El Chupadero by Zoë Anglesey

BOMB 12 Spring 1985
012 Spring Summer 1985

    Before bird whistles break the pre-dawn silence,
The first bullet burrows and rounds and rounds more,
       The quick knife blade stopped by bone,

    Before light gives power to leaves to spark,
The yells of contempt that no other living things can make,
       The first ones, face-down to the ground,

    Before any child cries hungry,
The first child shot, and infants opened by a stab,
       The first awake to a grenade’s aftermath,

    Before a woman plaits ribbons with hair,
The first gathered, lined up and mowed down
       The first woman stripped for rape,

    Before night’s creatures have a chance to hide,
The first woman to smell her slit womb.
       The first arm up to fling a branch or throw a stone,

    Before a man cinches his pants with faja and its luck of symbols,
The first ones inhale the smoke,
       The first ones die,

    Before any eye shows its fear,
The oldest of the elders crumple by easy blows,
       The last ones alive left for dead,

    Before any time to hide the children, to shield their sight,
The ears and testicles and breasts left bleeding into earth
       The open eyes of the dead,

    Before any chance for a word,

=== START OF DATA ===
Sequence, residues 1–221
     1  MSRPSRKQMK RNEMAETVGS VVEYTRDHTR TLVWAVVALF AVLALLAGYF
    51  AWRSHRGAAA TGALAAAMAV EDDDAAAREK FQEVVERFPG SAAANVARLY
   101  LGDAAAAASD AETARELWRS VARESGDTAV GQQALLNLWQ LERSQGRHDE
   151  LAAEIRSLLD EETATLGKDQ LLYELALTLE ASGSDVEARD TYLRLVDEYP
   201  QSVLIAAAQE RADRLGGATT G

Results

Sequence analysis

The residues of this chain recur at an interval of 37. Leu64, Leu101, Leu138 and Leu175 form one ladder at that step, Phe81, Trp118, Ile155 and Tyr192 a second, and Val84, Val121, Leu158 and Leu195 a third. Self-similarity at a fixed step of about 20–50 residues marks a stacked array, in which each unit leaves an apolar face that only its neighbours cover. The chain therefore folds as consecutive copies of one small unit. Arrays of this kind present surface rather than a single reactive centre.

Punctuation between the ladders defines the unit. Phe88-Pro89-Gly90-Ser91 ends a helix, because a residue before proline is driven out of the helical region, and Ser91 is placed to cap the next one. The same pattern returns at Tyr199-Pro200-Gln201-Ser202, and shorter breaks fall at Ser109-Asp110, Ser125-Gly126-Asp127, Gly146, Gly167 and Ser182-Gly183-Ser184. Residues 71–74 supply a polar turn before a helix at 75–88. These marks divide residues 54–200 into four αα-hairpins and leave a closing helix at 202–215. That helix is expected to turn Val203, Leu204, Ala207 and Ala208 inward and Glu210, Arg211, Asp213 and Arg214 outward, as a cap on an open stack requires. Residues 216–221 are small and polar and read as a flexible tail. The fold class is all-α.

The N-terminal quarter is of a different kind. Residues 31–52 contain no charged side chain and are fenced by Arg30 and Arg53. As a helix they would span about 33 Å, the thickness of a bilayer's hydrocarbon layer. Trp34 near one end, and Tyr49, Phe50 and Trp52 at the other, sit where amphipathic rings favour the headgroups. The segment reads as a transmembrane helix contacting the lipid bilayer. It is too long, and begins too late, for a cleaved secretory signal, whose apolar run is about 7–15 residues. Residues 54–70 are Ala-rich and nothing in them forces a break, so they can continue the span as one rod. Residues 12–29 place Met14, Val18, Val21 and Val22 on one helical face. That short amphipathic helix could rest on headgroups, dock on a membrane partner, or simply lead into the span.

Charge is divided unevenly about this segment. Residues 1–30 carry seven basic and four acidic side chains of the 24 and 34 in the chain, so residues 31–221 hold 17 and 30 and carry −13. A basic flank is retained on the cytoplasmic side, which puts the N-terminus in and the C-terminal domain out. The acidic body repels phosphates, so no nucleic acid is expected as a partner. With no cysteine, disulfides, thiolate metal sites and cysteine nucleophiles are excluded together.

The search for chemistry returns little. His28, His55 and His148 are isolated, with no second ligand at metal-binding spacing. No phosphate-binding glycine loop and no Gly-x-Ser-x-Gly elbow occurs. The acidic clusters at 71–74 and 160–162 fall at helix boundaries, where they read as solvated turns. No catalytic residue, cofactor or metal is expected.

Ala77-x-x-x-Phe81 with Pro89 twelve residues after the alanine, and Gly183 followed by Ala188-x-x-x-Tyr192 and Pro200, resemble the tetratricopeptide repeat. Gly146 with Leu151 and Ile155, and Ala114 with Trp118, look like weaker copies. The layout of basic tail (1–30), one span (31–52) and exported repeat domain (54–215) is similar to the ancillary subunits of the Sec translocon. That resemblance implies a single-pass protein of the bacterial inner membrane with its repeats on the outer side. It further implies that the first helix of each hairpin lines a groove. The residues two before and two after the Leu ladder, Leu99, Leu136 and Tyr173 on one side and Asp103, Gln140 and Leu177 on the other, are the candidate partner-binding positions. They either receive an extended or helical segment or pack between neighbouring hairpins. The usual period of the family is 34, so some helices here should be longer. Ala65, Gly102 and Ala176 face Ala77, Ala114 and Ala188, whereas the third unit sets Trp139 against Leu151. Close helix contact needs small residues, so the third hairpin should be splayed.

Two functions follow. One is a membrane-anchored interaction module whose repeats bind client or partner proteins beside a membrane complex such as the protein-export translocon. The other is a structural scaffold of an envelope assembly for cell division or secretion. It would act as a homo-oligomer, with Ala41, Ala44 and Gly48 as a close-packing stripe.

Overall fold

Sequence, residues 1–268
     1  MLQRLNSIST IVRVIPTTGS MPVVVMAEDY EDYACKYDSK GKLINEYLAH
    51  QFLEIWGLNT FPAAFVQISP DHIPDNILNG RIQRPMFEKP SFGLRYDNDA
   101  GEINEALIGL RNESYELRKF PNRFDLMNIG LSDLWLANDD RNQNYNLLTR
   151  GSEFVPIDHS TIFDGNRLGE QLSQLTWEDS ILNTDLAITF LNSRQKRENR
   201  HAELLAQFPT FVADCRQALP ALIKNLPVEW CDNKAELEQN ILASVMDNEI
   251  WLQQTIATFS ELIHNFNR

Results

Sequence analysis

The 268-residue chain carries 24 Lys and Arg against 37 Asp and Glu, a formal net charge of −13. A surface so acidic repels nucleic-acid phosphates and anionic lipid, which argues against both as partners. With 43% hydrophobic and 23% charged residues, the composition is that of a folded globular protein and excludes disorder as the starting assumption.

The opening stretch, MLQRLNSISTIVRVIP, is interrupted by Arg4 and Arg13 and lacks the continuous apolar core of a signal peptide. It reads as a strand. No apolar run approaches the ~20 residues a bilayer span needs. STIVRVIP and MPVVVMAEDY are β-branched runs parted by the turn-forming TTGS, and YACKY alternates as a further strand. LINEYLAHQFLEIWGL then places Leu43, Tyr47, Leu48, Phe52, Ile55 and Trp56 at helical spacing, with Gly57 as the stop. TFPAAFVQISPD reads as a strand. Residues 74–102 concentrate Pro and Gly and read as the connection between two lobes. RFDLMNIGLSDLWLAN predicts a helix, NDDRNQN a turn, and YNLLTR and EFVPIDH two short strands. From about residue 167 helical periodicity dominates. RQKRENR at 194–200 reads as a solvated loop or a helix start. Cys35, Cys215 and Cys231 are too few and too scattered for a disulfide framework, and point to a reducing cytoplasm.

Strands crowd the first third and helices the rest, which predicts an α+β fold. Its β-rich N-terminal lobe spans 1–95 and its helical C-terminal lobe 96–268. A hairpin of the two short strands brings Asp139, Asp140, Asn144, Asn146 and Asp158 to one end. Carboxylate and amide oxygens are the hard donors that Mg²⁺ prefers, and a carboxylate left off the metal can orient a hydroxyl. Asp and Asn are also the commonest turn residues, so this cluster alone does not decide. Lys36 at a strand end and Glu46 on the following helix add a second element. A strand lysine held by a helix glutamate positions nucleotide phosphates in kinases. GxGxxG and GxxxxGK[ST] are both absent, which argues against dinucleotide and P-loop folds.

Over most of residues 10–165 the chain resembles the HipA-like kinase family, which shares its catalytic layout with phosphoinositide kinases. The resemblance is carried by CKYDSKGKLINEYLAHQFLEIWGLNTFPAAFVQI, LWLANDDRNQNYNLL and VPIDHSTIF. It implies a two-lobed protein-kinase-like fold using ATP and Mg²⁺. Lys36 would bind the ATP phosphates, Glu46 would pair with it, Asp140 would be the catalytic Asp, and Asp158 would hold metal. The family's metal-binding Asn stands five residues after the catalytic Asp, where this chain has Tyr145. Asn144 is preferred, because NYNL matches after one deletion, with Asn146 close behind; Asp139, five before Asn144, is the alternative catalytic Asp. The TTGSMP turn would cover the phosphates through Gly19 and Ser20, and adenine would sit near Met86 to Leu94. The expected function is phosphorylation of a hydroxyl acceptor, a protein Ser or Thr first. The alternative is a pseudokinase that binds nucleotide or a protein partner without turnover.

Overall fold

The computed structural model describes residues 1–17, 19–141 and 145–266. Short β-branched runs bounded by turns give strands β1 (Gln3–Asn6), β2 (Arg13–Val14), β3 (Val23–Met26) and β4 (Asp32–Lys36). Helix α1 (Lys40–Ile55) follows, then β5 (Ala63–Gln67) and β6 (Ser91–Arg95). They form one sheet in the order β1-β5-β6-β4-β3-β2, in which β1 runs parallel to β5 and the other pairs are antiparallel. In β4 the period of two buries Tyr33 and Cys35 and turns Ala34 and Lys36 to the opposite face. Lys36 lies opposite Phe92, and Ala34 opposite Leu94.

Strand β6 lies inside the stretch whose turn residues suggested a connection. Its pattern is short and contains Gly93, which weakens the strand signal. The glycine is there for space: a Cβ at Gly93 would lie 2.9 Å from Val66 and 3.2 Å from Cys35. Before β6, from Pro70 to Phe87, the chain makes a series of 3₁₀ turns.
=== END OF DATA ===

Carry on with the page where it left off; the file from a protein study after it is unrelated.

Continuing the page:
The spent mortar shells, their after-pall of sulfur,
       The burnt air, the memory of napalm,

    Before one can see in daylight,
The unit trained to kill, wet under the armpits,
       In retreat, their backs to curses,

    Before any know to listen
A Cessna jets a final crossover
       Ahead of its squealing entrails.

Zoë Anglesey’s book, Something More Than Force: Poems for Guatemala, 1971–1982 received honorable mention from the 1983 Before Columbus Foundation’s American Book Awards. Her translations of poems and short fiction from some of the most renowned young writers of Central America will appear in Fiction International.

Carmen Giménez Smith and Douglas Kearney

Giménez Smith’s latest collection of poems, Be Recorder, engages the lyric tradition as well as spoken word to reveal the complexity of citizenship.

The Self Is a Fiction: Jenny Xie Interviewed by Mariam Rahmani
Green Cityscape Banner

The poet on the politics of the gaze, the migratory act of reading, the anxiety of bilingualism, and the universality of shame.

Don Mee Choi and Christian Hawkey

Two poets reflect on colonialism, iconoclastic writers, and the political dimensions of translating literature under authoritarianism.

Originally published in

BOMB 12, Spring 1985

Cindy Sherman, Dario Fo, Bruce Weber, Lisa Fonssagrives-Penn, and Raymond Voinquel.

Read the issue
012 Spring Summer 1985